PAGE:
Hill End Historic Site is a former gold mining town in the central west of New South Wales. The National Parks and Wildlife Service commissioned GML, with Trigger and Simon MacArthur Associates to prepare an interpretation plan to increase visitor ‘access’ to the stories, sensory qualities and character of the site.

The interpretation plan focused on revitalisation and reimagining the presentation of Hill End. It not only defined themes and heritage values, but also addressed the wider business revitalisation of the site in a holistic way, identifying revenue generation, combined with visitor and marketing opportunities to assist conservation of the place and its collections.

Innovative tourism opportunities were identified with the aim of strengthening and diversifying the visitor experience, increasing sustainability and supporting local businesses and new social entrepreneurs. The project team generated a range of engaging options and interpretive programs to address the different needs and interests of visitors. A key aim was to create an authentic visitor experience that fostered creative enterprise to engage with artisans, crafts people and other businesses that aligned with the character and identity of Hill End.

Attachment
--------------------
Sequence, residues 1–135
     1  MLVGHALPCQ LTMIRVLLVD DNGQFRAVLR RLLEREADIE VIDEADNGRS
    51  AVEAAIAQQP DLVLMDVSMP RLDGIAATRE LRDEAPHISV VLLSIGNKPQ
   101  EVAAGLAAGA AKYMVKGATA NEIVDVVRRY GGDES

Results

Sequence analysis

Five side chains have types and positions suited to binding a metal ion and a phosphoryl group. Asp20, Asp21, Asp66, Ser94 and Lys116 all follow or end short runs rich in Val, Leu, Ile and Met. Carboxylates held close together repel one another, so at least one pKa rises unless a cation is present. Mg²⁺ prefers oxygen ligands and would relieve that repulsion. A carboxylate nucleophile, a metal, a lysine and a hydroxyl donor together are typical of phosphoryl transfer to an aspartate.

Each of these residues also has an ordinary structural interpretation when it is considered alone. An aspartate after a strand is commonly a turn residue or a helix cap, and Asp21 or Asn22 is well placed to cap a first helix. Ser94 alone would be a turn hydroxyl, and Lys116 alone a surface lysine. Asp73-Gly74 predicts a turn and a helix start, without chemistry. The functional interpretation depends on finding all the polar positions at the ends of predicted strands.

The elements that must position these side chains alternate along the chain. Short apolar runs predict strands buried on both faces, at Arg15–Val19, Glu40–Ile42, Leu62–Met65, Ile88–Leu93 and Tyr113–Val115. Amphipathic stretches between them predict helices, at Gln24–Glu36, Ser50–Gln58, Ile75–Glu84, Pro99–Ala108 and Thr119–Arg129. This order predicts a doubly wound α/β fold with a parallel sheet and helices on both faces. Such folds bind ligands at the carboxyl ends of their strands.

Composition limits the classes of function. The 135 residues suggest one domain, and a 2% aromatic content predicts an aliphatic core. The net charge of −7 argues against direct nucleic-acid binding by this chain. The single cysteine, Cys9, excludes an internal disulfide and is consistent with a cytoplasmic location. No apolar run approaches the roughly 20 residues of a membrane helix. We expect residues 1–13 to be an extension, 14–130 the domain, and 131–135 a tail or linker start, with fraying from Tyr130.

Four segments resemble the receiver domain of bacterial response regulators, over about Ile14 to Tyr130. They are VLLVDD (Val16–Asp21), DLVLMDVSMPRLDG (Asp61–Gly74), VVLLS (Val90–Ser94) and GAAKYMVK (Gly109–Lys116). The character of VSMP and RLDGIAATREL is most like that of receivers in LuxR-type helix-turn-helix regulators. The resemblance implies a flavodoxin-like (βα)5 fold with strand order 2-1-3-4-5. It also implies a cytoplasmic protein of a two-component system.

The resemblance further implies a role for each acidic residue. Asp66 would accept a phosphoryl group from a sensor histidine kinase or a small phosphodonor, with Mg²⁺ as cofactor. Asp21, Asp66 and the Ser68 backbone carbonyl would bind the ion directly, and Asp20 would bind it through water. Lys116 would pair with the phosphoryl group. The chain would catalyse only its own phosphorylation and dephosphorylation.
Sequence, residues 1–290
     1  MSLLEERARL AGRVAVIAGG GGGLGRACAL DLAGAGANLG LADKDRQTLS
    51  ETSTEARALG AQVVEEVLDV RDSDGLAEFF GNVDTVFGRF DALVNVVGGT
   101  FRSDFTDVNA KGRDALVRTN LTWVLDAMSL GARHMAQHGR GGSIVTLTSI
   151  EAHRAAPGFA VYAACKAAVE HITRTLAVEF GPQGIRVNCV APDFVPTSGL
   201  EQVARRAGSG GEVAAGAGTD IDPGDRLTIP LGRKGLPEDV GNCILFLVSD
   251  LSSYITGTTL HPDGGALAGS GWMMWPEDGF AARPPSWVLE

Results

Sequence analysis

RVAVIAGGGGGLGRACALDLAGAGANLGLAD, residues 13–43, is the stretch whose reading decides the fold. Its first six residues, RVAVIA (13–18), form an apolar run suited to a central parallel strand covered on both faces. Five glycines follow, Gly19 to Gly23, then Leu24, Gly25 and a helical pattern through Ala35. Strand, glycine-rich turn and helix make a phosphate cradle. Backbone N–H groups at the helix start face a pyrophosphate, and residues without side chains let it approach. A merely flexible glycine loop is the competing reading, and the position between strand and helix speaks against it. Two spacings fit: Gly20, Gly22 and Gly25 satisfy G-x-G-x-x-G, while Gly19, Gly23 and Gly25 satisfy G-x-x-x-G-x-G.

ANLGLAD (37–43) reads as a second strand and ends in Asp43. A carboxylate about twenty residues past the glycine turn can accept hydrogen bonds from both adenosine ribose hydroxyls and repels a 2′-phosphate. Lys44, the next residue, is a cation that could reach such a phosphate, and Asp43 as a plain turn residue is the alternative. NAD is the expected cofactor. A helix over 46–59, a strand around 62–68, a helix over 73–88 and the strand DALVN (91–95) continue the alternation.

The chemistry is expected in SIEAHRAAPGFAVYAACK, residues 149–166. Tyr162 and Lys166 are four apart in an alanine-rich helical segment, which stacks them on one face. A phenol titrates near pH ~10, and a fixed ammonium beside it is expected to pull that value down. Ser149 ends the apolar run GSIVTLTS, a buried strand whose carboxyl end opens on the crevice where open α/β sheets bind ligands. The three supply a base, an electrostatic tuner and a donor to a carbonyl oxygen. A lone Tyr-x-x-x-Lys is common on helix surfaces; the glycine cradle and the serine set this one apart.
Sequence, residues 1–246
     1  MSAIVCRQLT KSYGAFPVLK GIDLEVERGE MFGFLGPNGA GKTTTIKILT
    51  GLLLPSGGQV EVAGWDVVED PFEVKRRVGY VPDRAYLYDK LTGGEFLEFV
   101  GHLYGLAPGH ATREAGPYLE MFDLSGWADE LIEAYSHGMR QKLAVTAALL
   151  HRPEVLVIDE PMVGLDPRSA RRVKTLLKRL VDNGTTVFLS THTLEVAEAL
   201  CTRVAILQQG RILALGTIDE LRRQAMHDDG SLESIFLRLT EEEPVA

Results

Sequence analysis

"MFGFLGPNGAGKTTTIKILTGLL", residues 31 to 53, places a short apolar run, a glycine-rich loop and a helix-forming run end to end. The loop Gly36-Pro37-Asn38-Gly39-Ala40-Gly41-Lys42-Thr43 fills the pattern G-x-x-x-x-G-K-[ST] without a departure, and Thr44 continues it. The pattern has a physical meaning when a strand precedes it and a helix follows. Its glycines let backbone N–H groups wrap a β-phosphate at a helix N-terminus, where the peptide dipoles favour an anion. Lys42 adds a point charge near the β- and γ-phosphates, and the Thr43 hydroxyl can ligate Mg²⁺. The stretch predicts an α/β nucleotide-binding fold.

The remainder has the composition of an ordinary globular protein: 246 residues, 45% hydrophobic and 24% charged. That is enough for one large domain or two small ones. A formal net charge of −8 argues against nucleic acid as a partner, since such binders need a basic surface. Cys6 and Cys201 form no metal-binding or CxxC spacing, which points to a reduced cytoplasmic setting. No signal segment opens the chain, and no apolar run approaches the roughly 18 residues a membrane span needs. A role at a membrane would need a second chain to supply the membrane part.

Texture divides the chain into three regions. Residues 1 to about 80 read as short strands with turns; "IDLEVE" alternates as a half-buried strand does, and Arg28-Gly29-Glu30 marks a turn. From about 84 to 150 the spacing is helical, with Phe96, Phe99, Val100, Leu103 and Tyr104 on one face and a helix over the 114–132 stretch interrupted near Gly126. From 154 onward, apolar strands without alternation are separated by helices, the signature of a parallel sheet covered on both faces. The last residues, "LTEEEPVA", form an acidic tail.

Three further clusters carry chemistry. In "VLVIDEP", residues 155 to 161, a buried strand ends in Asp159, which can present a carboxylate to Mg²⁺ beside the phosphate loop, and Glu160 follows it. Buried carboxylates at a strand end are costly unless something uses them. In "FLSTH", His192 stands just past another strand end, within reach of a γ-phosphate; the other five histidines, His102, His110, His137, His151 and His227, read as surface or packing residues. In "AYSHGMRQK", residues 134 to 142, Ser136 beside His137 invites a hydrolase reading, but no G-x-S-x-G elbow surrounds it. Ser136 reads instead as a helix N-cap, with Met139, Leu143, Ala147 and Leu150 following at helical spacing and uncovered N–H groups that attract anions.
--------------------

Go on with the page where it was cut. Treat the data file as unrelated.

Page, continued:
Clarifying the site’s carrying capacity and identifying ways to improve on-site visitor management, GML also market-tested interpretive initiatives and prepared costings to ensure value for money, reduce risk and maximise successful implementation.

For more information, please see the following links:
https://www.nationaltrust.org.au/education-and-interpretation-alchemy-hill-end/
http://www.gml.com.au/gml-wins-at-2017-nsw-national-trust-heritage-awards/